The muni market: How two big changes could impact government borrowing
This week’s newsletter is dedicated to muni bonds. The municipal market finances 75% of our nation’s infrastructure and with the passage of the Infrastructure Investment and Jobs Act—plus the pending Build Back Better legislation—it’s time to take a look at some of the latest developments in this vital state and local financing tool.
A new tool for expanding broadband
The Infrastructure Investment and Jobs Act (IIJA) expands the use of Private Activity Bonds (PABs) to cover the expansion of broadband to underserved areas. Roughly 30 million Americans (9% of the population) don’t have high speed internet access in their homes according to the Federal Communications Commission. The gap widens to one in three residents in rural areas.
Related: How the pandemic put a spotlight on the digital divide.
The IIJA helps private companies and local governments bridge the digital divide by allowing certain broadband projects to be financed with tax-exempt municipal bonds. Qualified projects:
Provide broadband service to census block areas where fewer than half of households don’t have “terrestrial broadband service” at a speed of at least 25 megabits per second (mbps) for downloads and at least 3 mbps for uploads. (See more on internet speeds below.)
Upgrade the service speed for residential, commercial, or a combination of residential and commercial locations to at least 100 mbps for downloads and 20 mbps for uploads.
What this does: PABs are tax-exempt municipal bonds issued by a local or state government, but on behalf of a private company. Tax-exempt bonds fetch lower interest rates in the municipal market and therefore lower the overall cost of financing. PABs are limited to use for projects in the public interest, such as affordable housing or hospitals. Broadband is arguably in the public’s interest as well—and the IIJA has now created a cheaper way for private companies to finance broadband expansion. This savings will be even more critical as interest rates rise.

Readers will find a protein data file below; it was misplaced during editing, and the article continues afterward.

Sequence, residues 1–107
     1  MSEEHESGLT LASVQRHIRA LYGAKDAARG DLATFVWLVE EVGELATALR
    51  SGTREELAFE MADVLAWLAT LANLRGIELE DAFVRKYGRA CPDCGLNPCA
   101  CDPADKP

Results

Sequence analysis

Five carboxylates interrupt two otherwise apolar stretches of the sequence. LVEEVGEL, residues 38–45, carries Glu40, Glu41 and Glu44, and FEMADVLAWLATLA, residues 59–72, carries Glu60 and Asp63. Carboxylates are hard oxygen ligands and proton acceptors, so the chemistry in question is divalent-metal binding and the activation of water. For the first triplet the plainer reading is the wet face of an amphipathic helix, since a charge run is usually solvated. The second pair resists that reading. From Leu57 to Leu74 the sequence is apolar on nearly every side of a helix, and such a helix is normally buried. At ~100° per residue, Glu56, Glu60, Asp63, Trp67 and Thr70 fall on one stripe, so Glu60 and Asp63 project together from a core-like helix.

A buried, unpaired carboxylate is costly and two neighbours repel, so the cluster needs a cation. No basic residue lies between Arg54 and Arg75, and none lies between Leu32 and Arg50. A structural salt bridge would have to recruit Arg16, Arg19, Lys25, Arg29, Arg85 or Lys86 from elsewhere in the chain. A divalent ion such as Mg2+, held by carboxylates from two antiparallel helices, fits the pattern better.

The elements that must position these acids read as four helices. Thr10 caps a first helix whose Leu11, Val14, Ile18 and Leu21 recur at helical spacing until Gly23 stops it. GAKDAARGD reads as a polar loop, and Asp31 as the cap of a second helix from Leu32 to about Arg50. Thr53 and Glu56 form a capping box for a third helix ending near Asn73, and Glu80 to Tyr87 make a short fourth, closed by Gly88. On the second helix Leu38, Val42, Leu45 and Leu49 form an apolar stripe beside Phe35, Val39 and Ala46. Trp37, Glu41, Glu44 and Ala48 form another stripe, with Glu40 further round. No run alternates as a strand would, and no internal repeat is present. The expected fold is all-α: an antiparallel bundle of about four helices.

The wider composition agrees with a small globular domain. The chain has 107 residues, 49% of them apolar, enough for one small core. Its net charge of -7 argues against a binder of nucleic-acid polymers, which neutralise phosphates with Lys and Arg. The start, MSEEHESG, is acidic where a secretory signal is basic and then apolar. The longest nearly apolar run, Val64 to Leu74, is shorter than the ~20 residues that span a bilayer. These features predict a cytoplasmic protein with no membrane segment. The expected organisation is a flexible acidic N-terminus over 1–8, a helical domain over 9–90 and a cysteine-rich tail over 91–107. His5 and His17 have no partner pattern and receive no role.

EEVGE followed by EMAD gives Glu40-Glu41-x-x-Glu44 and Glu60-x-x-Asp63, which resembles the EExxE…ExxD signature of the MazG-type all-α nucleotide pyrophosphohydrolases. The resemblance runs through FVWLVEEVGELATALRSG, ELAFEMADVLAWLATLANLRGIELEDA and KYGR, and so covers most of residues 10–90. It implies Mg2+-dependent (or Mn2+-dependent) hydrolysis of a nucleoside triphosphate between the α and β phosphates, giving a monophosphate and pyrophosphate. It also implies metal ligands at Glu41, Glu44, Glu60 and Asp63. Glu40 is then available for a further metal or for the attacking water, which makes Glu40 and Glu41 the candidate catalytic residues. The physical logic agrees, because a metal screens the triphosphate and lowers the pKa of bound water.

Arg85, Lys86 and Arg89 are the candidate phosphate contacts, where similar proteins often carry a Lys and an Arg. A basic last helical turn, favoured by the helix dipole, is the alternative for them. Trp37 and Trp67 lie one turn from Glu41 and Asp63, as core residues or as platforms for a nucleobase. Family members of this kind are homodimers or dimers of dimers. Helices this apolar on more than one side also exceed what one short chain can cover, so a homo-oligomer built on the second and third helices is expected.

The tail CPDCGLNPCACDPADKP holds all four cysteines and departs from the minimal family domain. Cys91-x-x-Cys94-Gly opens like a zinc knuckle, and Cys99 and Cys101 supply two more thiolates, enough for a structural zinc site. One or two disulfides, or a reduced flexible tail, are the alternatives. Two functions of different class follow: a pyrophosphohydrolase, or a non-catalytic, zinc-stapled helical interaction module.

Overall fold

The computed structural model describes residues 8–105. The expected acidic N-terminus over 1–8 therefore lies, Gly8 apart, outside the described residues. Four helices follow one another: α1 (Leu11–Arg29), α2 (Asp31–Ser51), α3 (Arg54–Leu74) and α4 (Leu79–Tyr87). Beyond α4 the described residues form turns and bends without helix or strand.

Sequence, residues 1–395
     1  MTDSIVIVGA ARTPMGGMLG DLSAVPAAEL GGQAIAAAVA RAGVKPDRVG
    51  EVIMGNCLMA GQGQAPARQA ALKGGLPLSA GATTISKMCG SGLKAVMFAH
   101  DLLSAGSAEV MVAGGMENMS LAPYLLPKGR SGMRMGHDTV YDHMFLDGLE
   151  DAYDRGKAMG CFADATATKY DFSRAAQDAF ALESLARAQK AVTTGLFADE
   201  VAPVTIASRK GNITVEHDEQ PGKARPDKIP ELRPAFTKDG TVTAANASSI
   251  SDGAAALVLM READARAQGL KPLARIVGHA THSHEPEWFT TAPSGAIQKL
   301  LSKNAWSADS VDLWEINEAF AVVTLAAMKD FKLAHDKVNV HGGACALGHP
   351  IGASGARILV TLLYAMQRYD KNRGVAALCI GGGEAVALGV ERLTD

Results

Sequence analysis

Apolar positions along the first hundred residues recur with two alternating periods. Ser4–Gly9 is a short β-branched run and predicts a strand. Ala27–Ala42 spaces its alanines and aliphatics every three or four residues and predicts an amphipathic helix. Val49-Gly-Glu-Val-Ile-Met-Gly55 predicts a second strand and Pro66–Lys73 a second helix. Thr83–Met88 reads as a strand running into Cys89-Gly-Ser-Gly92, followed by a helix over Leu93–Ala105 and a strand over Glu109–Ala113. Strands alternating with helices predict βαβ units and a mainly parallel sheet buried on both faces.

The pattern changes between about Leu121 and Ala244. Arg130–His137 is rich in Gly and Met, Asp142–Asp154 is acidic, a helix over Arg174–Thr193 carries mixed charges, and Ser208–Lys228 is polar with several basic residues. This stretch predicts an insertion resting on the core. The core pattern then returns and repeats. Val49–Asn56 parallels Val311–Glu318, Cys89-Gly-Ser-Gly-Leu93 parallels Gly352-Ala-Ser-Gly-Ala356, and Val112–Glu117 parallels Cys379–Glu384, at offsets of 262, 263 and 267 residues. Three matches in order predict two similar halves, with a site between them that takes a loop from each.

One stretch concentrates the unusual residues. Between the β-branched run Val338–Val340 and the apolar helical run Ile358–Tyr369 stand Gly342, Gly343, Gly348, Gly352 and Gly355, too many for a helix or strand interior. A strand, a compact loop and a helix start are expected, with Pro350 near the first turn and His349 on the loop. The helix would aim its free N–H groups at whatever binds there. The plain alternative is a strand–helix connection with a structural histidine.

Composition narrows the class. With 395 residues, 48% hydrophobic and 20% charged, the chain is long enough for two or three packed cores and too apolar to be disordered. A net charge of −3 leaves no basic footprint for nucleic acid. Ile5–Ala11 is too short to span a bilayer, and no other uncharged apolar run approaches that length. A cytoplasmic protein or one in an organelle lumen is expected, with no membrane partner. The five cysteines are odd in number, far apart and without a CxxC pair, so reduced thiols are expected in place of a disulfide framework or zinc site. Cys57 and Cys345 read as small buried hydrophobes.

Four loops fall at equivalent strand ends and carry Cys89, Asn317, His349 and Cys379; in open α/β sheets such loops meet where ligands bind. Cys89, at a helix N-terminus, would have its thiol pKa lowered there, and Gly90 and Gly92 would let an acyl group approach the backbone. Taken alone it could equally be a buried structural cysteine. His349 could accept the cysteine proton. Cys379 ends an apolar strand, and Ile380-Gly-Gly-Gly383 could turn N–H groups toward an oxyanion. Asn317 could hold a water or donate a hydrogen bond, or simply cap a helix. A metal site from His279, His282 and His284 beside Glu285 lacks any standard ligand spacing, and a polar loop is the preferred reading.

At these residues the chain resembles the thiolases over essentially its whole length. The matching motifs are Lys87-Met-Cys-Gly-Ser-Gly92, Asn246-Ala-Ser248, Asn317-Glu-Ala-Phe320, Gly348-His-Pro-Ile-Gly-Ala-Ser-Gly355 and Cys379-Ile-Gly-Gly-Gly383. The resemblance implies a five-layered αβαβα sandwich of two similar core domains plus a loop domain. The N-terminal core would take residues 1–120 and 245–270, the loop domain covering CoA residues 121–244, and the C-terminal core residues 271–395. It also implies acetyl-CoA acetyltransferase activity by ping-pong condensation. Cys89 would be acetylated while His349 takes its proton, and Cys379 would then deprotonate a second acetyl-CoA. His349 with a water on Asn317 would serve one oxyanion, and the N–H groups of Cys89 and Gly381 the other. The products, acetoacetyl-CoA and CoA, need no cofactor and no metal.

Why this matters: Governments can theoretically pay for expanding broadband along existing utility lines in the public right-of-way. But ultimately, internet providers are responsible for building the “fiber to the home,” or FTTH. And in rural areas, where homes can be a half-mile or more off the main road, this is no small issue.
“There have been a lot of questions about how governments could do that themselves…but providers play such an integral role, it just makes a lot more sense for them to be a serious government partner in all this,” the Government Finance Officers Association’s Emily Brock told me this week. “This formalizes the relationship between [providers] and governments to get that fiber into the home.”
Hat tip to subscriber Tony King for bringing this PAB development to my attention. If you have questions or tips to share, let me know by replying to this email!
PABs can also now be used to build qualified carbon dioxide capture facilities.
The current limit on transit- and transportation-related PABs (toll roads, hot lanes, etc.) is now doubled to $30 billion.
PAB issuance slowed in 2020, reports the Council of Development Finance Agencies.
A comeback for bond insurance?
More issuers are using bond insurance these days and the pandemic has been a big factor. Worries about climate change could cement the industry’s comeback.
The pandemic created a lot of uncertainty around state and local government revenues for much of 2020. That was a big reason for the dramatic boost in the rate of bonds issued with insurance that year: In total, $34.45 billion in new bonds carried insurance -- the highest since the Great Recession ended in 2009. Even with the economic stabilization this year, insurance is still going strong. Through October 2021, wrapped municipal bond issuance totaled $31.5 billion, according to RBC Capital Markets.
Looking ahead, the chatter about municipal climate risk has been increasing in recent years. Extreme weather events linked to climate change have called into question the preparedness and resiliency of utilities and other government issuers, while studies point to the potential long-term economic effect. One BlackRock Investment Institute report estimated that some vulnerable cities could see economic losses of up to 10% of GDP without decisive action.